Bioenergy experts welcome commitment to sustainability in UK’s new Biomass StrategyAugust 14, 20233 min read
- New strategy outlines role of biomass in UK’s transition to net zero, with sustainability as major theme
- Supergen Bioenergy Hub experts worked with government departments to provide scientific evidence and insight
- They welcome the holistic view of sustainability in the Biomass Strategy and call for action to deliver its ambitions.
A group of bioenergy experts have welcomed the Government’s new UK Biomass Strategy, but say urgent action is now vital to shape its ambitions into deliverable policies.
Researchers at the Supergen Bioenergy Hub - led by Aston University - worked closely with government departments to provide scientific evidence to inform the strategy, which outlines the role biomass will play in supporting the UK’s transition to net zero and how this will be achieved.
Professor Patricia Thornley, who leads the Hub, says: “This is a comprehensive and considered biomass strategy that, rightly, places sustainability at the heart of UK bioenergy development. The challenge is now to produce actions that can deliver the sustainable system of biomass required to achieve net zero.”
Sustainability is a major theme within the new strategy. It includes a review of how existing sustainability policies could be improved, as well as a commitment to developing a cross-sectoral sustainability framework (subject to consultation) to ensure sustainability across the many different applications of biomass. This follows previous work led by Dr Mirjam Rӧder, Systems Topic Group Lead in the Supergen Bioenergy Hub, calling for harmonised sustainability standards across different biomass applications, which is referenced in the strategy.
Dr Rӧder says: “We need rigorous approaches to sustainability governance that go beyond emissions. Considering wider environmental, social and economic trade-offs is essential for true sustainability and building trust in bioenergy projects.”
The strategy considers the amount of biomass resource that might be available to the UK in the future, highlighting the importance of both imported and domestically produced biomass resources. Professor Thornley comments: “It is important that the strategy recognises the potential of imported as well as indigenous biomass in achieving global greenhouse gas reductions. Sustainable systems should grow, convert and use biomass in the locations where they can deliver most impact, ensuring we take account of all supply chain emissions. We shouldn’t shy away from imports where the source is sustainable and the overall system makes environmental, economic and social sense.”
The strategy also considers how biomass should be prioritised across a variety of applications to best support the transition to net zero. Biomass applications ranging from transport fuels and hydrogen to domestic and industrial heating are recognised as important, but in the medium to long term the focus is on integration of bioenergy with carbon capture and storage (BECCS).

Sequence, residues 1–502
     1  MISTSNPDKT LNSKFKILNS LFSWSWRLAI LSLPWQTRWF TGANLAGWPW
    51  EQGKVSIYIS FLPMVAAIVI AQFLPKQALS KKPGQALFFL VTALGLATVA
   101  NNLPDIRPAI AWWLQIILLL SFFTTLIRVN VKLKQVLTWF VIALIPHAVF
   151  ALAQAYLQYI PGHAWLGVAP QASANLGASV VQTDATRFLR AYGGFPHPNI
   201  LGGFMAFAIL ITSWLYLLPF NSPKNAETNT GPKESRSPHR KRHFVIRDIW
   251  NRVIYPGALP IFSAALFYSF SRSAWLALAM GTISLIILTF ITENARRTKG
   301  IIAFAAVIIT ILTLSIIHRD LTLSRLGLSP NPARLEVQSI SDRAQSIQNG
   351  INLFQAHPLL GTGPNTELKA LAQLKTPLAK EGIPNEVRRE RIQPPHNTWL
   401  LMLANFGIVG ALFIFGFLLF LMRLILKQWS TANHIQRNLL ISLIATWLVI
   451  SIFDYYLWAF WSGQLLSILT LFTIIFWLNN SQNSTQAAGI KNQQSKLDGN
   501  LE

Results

BECCS is an emerging technology where the CO2 that may be released during the production and use of electricity, fuels or products derived from biomass is captured and stored, potentially resulting in negative emissions.
Professor Thornley comments: “The priority use framework outlined in the Biomass Strategy makes eminent sense. The UK (and the global energy system) needs carbon dioxide removals to deliver net zero. BECCS has an absolutely key role to play, as reflected in the strategy. Again, while this is encouraging to see, we must not underestimate the challenges of moving towards such a radically different system at scale.”
“Relying on future BECCS deployment alone to counterbalance the current excess of greenhouse gas emissions would not enable the full potential and benefits of BECCS. BECCS should be deployed alongside measures to transition away from the use of fossil fuels, not instead of them,” adds Dr Joanna Sparks, Biomass Policy Fellow at the Supergen Bioenergy Hub, who engaged closely with government departments as they developed the strategy.
Dr Sparks led an extensive policy engagement and knowledge transfer process to ensure that those developing the strategy had full access to the breadth and depth of UK scientific and engineering academic expertise, ensuring a robust, independent scientific base.
Professor Thornley believes continued engagement between policymakers, academics and the wider sector is vital in achieving the next steps in the delivery of the Government’s strategy. She says: “The key to successful long-term results is a close partnership between academia, industry and policy stakeholders so that we can anticipate problems and plan the pathways to success.”
Patricia Thornley Director of EBRI, Energy and Bioproducts Research Institute
Patricia Thornley works in assessing the environmental, economic and social impacts of renewable energy technologies.
Dr Mirjam Röder Associate Professorial Research Fellow, Energy and Bioproducts Research Institute (EBRI)
Dr Röder's research interests focus on bioenergy and related sustainability implications.